Previous analyses of both Thermus aquaticus MutS homodimer and Saccharomyces cerevisiae Msh2–Msh6 heterodimer have revealed that the subunits in these protein complexes bind and hydrolyze ATP asymmetrically, emulating their asymmetric DNA binding properties. In the MutS homodimer, one subunit (S1) binds ATP with high affinity and hydrolyzes it rapidly, while the other subunit (S2) binds ATP with lower affinity and hydrolyzes it at an apparently slower rate. Interaction of MutS with mismatched DNA results in suppression of ATP hydrolysis at S1—but which of these subunits, S1 or S2, makes specific contact with the mismatch (e.g., base stacking by a conserved phenylalanine residue) remains unknown. In order to answer this question and to clarify the links between the DNA binding and ATPase activities of each subunit in the dimer, we made mutations in the ATPase sites of Msh2 and Msh6 and assessed their impact on the activity of the Msh2–Msh6 heterodimer (in Msh2–Msh6, only Msh6 makes base specific contact with the mismatch). The key findings are: (a) Msh6 hydrolyzes ATP rapidly, and thus resembles the S1 subunit of the MutS homodimer, (b) Msh2 hydrolyzes ATP at a slower rate, and thus resembles the S2 subunit of MutS, (c) though itself an apparently weak ATPase, Msh2 has a strong influence on the ATPase activity of Msh6, (d) Msh6 binding to mismatched DNA results in suppression of rapid ATP hydrolysis, revealing a “cis” linkage between its mismatch recognition and ATPase activities, (e) the resultant Msh2–Msh6 complex, with both subunits in the ATP-bound state, exhibits altered interactions with the mismatch.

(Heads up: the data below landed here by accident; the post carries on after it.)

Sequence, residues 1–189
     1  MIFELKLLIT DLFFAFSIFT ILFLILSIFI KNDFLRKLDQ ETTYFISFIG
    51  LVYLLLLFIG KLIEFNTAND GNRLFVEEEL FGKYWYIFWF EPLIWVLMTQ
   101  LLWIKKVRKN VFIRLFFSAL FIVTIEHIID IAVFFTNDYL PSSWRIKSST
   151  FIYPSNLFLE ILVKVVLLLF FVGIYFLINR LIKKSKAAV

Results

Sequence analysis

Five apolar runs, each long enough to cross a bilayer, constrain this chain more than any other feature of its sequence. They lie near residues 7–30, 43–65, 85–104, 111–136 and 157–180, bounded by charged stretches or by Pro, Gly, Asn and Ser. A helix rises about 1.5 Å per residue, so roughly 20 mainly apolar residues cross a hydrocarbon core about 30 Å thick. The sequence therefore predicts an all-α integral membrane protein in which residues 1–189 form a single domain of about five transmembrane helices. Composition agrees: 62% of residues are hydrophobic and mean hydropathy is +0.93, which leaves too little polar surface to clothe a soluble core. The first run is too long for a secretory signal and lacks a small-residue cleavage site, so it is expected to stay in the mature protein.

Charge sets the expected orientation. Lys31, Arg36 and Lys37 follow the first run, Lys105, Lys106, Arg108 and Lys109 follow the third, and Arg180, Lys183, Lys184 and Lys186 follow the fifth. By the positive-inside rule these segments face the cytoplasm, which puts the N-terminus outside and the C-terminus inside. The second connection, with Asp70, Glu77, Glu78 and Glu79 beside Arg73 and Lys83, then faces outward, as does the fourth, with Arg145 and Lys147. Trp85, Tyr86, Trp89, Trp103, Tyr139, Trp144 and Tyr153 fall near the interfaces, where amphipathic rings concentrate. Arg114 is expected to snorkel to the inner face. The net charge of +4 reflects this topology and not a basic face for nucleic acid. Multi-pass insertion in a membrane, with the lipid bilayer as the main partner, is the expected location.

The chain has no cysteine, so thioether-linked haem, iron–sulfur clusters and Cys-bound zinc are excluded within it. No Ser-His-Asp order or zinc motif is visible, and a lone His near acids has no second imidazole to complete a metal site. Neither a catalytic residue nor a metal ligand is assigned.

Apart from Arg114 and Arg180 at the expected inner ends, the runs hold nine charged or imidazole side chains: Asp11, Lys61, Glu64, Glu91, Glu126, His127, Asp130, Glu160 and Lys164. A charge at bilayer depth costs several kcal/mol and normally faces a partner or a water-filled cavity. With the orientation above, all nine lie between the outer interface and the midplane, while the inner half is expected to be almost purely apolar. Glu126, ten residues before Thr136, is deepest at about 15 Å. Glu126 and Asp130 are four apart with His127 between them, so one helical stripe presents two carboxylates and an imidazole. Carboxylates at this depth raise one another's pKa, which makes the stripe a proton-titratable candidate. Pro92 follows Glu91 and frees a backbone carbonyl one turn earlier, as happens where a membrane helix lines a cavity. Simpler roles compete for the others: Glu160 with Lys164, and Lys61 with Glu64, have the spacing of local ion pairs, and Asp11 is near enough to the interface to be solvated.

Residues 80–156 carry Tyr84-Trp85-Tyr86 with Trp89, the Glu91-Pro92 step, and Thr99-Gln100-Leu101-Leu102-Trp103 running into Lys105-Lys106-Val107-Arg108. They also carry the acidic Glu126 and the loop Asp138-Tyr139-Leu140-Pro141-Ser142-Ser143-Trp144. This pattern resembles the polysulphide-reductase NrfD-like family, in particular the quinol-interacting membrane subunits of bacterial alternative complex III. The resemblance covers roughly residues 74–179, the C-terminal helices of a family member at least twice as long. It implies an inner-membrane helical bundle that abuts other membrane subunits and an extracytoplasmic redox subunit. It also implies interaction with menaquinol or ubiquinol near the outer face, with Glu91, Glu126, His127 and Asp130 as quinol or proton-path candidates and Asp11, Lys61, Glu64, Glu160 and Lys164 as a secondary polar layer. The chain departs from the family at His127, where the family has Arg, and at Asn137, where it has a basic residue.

Available at: http://works.bepress.com/manju_hingorani/3/